There was a period of my life when I had a fierce unibrow, a mustache, braces, acne, a bad haircut, an even worse fashion sense, and possibly a hump on my back. There were also a few years in there when people thought I was either a small lesbian, or a really effeminate young man. Point being, I was beyond uncool growing up. In 5th grade there was a new girl who ate pencil shavings and picked her nose, and even she didn’t want to be my friend. While some things have changed since then (I’ve learned that you’re supposed to have twoeyebrows) there are so many things which haven’t. What once was gauche is now in vogue; basically, I was a loser and now I’m less of a loser! My serious love of Chuck Taylors and t-shirts? HOW VINTAGE. Loving music that is older than I am and/or really crappy? HOW UNDERGROUND. Wearing glasses? HOW ARTSY. As you get older you don’t have to play by the rules, and what once would have forced you to go to prom with your cousin, or eat your lunch in the bathroom, now makes you cool. Did you hear that, Desiree? I bet you wish you had taken a break from being a pencil sharpening booger eater so you could get to know me.
Nobody is the boss of me
Aside from my work boss and the government, I get to call the shots in my life these days. I can stay up late, eat dessert before dinner, and leave the house without a coat on. I can buy frivolous junk, skip my nap and watch scary television shows close to bedtime. I can smoke, drink alcohol, and gamble. I can leave my clothes on the floor, jump on the bed, or pick on my sisters. The irony is, after all the years of longing to get out from the oppressive regime of Mama and Papa Tonic, I don’t actually do a lot of these things. Still, the feeling of freedom that adulthood has afforded me is worth more than being able to make it rain at a seedy strip club.
I don’t have a life plan
I used to freak out over not being the person I thought I’d be at 20, and then 23, and then 25. I wanted to be a psychologist. I wanted to be taller, thinner and better looking. I wanted to own a home. I wanted to teach myself another language. I wanted to visit Ireland. I haven’t accomplished any of those things, and I couldn’t care less. At some point between that Jen and this one, I decided life was too short to beat myself over missed benchmarks. Sure, the life I planned for is not the life I have, but so what? I’ve found that going where the proverbial wind blows me always leads me to exactly where I need to be.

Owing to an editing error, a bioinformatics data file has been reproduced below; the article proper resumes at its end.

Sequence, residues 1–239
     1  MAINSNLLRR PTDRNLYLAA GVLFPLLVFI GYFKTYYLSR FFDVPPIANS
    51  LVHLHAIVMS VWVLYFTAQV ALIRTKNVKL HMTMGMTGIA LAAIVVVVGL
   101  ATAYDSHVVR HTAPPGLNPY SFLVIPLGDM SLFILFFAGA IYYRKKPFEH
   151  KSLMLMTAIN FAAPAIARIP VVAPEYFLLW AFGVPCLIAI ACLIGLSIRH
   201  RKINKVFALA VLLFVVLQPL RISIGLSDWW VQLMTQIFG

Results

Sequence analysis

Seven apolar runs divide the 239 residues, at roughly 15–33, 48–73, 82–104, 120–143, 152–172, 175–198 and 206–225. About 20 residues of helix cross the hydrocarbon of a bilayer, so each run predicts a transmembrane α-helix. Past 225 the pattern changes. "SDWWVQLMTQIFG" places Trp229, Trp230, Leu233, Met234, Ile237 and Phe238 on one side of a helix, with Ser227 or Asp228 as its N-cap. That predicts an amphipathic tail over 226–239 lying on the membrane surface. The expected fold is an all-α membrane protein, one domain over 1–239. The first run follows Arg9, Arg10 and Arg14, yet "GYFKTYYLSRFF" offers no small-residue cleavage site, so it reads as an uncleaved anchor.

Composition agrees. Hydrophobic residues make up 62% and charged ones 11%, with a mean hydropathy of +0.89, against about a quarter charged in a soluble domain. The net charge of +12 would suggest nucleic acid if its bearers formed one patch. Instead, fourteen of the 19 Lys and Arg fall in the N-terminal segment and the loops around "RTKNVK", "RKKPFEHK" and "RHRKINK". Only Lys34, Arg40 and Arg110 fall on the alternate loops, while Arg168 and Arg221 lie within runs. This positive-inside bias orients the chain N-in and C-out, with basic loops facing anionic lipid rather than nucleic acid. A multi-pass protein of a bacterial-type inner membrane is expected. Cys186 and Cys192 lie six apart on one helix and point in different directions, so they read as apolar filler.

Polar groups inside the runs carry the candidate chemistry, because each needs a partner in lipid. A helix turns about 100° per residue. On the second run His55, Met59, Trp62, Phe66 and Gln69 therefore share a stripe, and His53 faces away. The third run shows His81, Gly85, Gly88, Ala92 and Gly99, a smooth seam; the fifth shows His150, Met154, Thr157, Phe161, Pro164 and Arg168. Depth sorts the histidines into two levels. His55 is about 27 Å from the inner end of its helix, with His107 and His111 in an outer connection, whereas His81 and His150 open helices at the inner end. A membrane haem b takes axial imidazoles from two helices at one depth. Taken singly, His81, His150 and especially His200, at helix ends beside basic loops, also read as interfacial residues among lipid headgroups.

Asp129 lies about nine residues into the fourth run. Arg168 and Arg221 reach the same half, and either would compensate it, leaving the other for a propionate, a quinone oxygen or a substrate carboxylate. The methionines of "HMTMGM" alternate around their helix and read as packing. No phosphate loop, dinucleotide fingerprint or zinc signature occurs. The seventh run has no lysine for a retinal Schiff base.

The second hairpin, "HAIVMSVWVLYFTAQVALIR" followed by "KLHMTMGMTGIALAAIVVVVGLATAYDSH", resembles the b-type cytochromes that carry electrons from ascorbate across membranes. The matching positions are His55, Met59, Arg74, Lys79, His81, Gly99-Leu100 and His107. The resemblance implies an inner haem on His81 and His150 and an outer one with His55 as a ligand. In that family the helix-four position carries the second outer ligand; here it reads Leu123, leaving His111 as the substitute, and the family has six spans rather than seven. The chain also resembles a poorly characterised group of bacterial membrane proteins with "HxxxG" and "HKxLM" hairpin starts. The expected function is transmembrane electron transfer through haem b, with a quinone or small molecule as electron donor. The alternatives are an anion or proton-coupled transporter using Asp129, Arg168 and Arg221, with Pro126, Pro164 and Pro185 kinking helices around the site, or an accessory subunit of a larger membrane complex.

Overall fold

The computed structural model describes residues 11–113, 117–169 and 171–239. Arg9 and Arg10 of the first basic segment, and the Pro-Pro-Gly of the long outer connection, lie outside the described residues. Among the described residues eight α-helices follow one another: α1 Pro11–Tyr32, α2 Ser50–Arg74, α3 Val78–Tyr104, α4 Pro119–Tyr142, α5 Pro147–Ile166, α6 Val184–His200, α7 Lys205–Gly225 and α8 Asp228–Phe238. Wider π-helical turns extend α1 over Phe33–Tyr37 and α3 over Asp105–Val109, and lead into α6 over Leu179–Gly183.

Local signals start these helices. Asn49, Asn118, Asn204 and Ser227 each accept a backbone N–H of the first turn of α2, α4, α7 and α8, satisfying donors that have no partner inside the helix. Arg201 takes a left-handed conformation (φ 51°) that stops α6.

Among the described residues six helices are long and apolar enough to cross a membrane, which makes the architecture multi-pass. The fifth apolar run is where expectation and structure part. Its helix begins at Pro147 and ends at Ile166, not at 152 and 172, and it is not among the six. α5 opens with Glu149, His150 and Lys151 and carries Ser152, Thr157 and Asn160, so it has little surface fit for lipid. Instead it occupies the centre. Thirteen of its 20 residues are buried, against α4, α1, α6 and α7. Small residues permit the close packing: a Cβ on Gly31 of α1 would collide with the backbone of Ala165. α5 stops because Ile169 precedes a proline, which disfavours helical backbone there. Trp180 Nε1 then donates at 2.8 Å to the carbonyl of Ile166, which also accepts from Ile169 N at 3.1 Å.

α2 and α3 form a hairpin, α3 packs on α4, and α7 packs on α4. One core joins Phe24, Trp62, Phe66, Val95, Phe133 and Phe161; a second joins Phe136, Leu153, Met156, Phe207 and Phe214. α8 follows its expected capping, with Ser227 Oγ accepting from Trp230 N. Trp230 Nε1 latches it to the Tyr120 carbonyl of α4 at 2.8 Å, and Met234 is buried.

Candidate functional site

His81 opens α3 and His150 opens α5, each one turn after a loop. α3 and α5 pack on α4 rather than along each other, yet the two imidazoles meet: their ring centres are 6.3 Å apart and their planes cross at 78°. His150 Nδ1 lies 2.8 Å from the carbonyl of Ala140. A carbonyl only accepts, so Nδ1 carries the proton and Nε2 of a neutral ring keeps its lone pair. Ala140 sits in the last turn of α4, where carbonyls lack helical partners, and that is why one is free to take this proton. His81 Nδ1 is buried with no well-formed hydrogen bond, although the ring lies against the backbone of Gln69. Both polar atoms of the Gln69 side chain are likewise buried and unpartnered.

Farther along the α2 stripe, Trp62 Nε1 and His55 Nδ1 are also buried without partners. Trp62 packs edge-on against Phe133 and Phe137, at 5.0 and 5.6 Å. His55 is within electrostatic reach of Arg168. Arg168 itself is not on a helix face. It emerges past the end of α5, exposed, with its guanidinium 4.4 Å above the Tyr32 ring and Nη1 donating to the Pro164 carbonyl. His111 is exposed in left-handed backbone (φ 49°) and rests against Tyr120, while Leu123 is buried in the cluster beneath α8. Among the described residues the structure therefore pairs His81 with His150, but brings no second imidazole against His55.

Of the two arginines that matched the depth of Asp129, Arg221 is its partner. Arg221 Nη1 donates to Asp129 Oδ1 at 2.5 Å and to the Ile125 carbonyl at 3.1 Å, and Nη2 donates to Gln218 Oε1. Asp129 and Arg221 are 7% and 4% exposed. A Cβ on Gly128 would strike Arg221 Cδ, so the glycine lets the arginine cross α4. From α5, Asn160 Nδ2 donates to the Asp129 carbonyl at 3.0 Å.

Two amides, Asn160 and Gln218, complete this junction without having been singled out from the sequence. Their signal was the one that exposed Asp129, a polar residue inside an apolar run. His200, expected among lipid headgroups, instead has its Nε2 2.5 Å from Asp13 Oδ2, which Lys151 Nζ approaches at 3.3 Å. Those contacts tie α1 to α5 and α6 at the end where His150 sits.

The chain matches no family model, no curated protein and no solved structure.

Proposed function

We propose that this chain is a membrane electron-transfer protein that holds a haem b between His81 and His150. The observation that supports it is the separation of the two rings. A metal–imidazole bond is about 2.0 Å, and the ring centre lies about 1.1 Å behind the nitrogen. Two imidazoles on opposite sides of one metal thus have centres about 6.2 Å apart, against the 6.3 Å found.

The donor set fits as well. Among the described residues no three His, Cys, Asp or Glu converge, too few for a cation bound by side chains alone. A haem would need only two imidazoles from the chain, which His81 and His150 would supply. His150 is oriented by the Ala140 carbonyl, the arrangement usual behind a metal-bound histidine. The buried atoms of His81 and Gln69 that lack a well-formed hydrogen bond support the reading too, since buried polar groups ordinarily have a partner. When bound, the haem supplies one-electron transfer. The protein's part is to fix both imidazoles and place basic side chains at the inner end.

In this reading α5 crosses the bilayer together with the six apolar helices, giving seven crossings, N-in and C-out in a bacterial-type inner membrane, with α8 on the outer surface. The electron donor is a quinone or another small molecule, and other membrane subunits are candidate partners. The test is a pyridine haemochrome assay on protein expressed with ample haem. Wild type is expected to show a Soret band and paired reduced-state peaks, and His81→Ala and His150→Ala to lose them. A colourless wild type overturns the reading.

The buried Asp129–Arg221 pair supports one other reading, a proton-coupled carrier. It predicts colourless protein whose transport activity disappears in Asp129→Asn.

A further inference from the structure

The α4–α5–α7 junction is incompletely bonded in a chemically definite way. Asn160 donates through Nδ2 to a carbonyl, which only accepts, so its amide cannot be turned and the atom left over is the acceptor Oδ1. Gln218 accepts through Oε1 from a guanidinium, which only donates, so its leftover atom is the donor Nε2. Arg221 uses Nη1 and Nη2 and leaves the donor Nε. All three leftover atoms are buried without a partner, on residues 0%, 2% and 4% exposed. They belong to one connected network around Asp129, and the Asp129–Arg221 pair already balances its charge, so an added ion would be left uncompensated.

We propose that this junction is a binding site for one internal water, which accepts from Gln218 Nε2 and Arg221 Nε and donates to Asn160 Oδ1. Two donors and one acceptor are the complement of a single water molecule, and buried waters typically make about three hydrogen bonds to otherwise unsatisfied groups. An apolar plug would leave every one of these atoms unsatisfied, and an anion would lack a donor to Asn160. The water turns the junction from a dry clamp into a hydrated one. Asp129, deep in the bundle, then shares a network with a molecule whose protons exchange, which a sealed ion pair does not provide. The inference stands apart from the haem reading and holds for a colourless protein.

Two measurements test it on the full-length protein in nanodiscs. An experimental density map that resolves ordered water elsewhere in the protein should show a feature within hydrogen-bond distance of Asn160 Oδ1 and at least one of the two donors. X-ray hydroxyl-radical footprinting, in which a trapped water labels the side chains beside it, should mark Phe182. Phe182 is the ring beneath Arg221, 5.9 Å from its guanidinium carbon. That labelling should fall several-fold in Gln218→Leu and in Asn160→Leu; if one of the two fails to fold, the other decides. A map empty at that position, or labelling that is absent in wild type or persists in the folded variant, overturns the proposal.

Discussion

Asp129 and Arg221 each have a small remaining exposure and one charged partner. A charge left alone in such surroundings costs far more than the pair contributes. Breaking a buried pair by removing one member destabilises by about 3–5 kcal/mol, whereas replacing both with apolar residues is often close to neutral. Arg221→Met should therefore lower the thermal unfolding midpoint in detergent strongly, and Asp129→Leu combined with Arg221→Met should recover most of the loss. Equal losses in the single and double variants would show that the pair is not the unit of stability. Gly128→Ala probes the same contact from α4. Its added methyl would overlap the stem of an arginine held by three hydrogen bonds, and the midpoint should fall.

So what is in a number?
Your age is merely an accumulation of minutes which turn into days which turn into weeks which turn into years. If someone asked me to describe myself I wouldn’t tell them I’m 10,974 days old. I would tell them I’m obsessed with Polaroid pictures, love doing horrible impersonations, and social situations freak me out. I would tell them that my favorite scent is a newborn baby’s head, autumn is my favorite season, and my sisters mean more to me than life itself. I would tell them I am a sum of my parts, and not a sum of days on a calendar.
Age is all about perspective. Instead of focusing on losing your youth, focus on the collection of memories you hold in your mind and heart. Instead of lamenting over missed opportunities, be appreciative to have been given another day to accomplish them. Instead of being disgusted by the newly formed lines on your face, be delighted by living a life full of expression. And, if you’re my sister, instead of wishing you got to spend your youth as an only child, be grateful I’m not calling you a buttface anymore.